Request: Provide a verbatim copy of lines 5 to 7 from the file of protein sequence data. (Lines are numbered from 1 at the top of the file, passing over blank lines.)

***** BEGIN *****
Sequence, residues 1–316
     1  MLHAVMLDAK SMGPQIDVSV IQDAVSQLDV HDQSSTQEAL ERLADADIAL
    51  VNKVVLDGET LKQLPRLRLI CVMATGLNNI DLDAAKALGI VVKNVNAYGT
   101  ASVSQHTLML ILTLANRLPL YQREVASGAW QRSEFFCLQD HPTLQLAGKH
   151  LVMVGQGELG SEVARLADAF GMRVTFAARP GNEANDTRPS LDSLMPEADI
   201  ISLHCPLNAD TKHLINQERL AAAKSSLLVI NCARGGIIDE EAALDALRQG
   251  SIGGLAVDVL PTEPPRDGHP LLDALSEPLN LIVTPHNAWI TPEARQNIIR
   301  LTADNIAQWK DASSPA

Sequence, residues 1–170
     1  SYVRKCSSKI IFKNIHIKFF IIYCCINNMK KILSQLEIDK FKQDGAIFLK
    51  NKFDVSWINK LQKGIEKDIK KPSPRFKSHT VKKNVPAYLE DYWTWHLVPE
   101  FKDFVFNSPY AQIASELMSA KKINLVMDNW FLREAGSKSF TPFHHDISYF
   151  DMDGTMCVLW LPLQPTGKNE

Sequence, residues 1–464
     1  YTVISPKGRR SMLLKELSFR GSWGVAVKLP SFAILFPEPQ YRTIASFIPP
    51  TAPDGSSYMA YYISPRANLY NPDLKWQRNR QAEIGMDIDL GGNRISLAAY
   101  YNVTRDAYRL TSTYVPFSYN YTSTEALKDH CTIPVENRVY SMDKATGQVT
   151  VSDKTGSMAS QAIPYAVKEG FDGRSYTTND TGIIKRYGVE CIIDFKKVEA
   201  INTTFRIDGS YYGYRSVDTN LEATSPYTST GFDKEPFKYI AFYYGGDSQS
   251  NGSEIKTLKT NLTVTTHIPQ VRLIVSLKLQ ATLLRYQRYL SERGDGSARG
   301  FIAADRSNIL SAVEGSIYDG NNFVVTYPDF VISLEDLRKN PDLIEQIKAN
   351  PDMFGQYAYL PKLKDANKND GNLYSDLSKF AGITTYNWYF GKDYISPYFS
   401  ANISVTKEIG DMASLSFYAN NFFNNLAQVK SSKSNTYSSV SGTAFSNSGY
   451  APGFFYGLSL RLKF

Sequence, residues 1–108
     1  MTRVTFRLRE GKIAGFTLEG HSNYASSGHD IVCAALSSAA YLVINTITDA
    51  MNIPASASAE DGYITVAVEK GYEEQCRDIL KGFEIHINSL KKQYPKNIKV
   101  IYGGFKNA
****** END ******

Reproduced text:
   151  LVMVGQGELG SEVARLADAF GMRVTFAARP GNEANDTRPS LDSLMPEADI
   201  ISLHCPLNAD TKHLINQERL AAAKSSLLVI NCARGGIIDE EAALDALRQG
   251  SIGGLAVDVL PTEPPRDGHP LLDALSEPLN LIVTPHNAWI TPEARQNIIR